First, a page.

Howard Zinn, an author, teacher and political activist, died yesterday at age 87.
The Associated Press reports that Zinn died of a heart attack in Santa Monica, California, while traveling with family. Home for Zinn was Auburndale, Massachusetts.
His book, A People's History of the United States, published in 1980, was a best seller used as a teaching tool at schools nationwide, and had a mainstream following from celebrities, too, including Bruce Springsteen and Ben Affleck.
In a 1998 interview with The AP, Zinn acknowledged he was not trying to write an objective history, or a complete one, when he wrote the book.
"There's no such thing as a whole story; every story is incomplete," he said. "My idea was the orthodox viewpoint has already been done a thousand times."
Born in New York in 1922, Zinn was the son of Jewish immigrants. He grew up in a rundown area in Brooklyn and responded strongly to the novels of Charles Dickens. At age 17, urged on by some young Communists in his neighborhood, he attended a political rally in Times Square, according to The AP.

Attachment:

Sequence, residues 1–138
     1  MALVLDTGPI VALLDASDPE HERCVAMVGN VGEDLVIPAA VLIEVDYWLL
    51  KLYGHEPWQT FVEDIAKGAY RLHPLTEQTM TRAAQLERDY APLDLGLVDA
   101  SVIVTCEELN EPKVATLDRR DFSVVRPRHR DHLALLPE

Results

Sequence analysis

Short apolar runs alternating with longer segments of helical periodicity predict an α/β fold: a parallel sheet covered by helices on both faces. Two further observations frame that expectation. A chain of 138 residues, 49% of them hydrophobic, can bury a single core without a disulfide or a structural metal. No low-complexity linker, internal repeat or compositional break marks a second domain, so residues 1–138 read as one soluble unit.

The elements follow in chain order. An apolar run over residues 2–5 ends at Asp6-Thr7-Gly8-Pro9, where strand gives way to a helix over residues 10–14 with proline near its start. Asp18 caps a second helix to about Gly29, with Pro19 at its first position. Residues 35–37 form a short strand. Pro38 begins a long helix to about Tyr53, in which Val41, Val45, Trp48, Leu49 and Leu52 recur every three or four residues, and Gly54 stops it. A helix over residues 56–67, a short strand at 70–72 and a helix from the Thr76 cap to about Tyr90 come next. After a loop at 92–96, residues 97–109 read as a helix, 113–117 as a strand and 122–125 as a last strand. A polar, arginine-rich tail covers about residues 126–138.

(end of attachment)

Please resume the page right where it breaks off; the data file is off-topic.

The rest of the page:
During World War II, he served as a bombardier in the Army Air Corps. At age 27, Zinn began to work nights in a warehouse loading trucks to support his undergraduate studies at New York University, according to The Boston Globe. Then he attended Columbia University, where he received a doctorate in history.
In 1956, he became chairman of the history and social sciences department at Atlanta's all-black women's Spelman College. Many of his students there, including poet and author of The Color Purple, Alice Walker, and future head of the Children's Defense Fund, Marian Wright Edelman, were Zinn fans.
At Spelman, he was on the executive committee of the Student Nonviolent Coordinating Committee (SNCC), one of the most aggressive civil rights organization of the time, according to The Globe. That activism, along with his criticisms of Spelman for its lack of participation in the civil rights movement, led to his being fired from Spelman in 1963. Zinn subsequently moved to Massachusetts where he taught political science at Boston University (BU). At BU, he attended rallies against the Vietnam War.
One of Zinn's last public writings was a brief essay published last week in The Nation, about President Barack Obama's first year in office.
"I've been searching hard for a highlight," he wrote. "I think people are dazzled by Obama's rhetoric, and that people ought to begin to understand that Obama is going to be a mediocre president--which means, in our time, a dangerous president--unless there is some national movement to push him in a better direction."
Zinn's longtime wife and collaborator, Roslyn, died in 2008. The Zinns are survived by two children, Myla and Jeff.